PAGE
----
From Simple English Wikipedia, the free encyclopedia
Quartz crystal

A crystal is a solid whose atoms (or molecules) are arranged in a repeating pattern.

Crystals are made from fluids by Crystallization, which is a kind of phase change. Usually the fluid is a liquid, but crystals can form from a gas too. For example, snow is water crystals (ice) formed from air that contains water vapor (evaporated water). Crystallization can be by freezing from a simple fluid or from a solution. Sometimes heat and pressure needs to be applied to a substance for crystals to form. Diamond is a carbon crystal formed under heat and pressure. Crystals are found naturally or can be made artificially.

The surface of crystals often have regions that are flat, called facets. Facets occur naturally as crystals form, because flat layers of atoms are usually the most stable. The atoms in a facet are arranged in a regular pattern, such as the pattern of a chess board or a honeycomb. These facets reflect light to give crystals their shiny or sparky appearance. Artificial facets can be made in any shape by cutting or grinding a crystal, which is how some gemstones for jewelry are made.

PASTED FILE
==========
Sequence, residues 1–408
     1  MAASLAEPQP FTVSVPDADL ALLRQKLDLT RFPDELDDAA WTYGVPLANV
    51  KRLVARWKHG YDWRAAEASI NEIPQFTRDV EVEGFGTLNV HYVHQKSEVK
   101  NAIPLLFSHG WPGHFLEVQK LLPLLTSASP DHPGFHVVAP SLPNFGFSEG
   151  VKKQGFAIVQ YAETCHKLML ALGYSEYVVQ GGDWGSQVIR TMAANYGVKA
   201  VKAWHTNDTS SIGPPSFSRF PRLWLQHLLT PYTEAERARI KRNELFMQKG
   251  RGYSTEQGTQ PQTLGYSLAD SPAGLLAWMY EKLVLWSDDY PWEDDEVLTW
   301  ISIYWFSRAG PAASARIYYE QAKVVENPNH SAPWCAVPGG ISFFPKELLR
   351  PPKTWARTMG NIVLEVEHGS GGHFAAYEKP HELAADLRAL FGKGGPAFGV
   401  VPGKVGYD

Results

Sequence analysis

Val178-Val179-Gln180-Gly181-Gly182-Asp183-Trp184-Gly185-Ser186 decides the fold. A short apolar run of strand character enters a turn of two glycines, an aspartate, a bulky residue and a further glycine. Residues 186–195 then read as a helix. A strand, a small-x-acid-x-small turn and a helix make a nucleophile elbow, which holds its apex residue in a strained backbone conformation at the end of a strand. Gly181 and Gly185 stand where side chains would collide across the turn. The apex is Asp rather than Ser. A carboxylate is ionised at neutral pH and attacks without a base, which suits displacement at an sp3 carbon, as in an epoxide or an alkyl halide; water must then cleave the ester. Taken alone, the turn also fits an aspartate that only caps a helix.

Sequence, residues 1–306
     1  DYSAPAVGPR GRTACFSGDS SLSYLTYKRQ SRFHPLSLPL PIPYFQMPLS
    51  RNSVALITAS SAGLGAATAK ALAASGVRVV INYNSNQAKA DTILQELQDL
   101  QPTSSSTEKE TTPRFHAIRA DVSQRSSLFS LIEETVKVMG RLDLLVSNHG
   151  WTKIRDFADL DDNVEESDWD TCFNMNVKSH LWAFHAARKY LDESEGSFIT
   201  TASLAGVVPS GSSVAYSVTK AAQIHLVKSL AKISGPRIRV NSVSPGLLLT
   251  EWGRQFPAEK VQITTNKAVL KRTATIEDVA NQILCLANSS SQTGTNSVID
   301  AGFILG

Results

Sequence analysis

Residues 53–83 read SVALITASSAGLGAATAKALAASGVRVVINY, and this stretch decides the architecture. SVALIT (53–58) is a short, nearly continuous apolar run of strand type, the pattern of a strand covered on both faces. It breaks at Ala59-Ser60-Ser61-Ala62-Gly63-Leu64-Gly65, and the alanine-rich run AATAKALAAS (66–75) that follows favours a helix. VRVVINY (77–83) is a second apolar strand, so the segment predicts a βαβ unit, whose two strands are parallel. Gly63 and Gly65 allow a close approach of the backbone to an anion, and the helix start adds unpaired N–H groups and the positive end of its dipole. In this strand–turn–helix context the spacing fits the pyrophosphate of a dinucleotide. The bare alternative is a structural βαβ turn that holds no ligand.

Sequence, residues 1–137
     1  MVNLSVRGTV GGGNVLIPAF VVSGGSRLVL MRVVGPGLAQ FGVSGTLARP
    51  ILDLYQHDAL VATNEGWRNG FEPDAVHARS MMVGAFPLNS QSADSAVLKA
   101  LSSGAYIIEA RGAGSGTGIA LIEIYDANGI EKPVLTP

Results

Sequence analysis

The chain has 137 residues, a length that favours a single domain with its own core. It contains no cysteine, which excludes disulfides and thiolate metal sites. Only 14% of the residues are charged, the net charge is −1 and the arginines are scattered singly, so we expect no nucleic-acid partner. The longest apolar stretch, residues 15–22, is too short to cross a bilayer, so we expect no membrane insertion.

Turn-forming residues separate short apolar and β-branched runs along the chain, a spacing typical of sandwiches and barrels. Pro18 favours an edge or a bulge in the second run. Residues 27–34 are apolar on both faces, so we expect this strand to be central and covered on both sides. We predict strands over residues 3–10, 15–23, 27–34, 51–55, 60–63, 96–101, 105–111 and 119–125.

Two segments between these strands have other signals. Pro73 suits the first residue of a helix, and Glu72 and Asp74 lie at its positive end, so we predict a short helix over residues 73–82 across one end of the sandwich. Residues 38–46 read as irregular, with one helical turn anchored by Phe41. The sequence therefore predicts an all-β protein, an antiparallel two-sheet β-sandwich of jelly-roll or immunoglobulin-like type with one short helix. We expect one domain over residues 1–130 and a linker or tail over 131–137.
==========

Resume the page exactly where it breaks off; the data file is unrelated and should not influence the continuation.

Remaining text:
Different substances form different types of crystals, and some can form more than one type. The study of the arrangement of atoms in crystals is crystallography. Well-known substances that form crystals are table salt (whose crystals are cubes), diamond, and quartz.

Atoms (as ions) in a crystal of sodium chloride (table salt). The blue ions are sodium and the green ions are chloride

Related pages[change | change source]

More reading[change | change source]

  • Iggulden, Hal; Iggulden, Conn (2007). "Making Crystals". The Dangerous Book for Boys. New York: HarperCollins. pp. 73–74. ISBN 978-0061243585.

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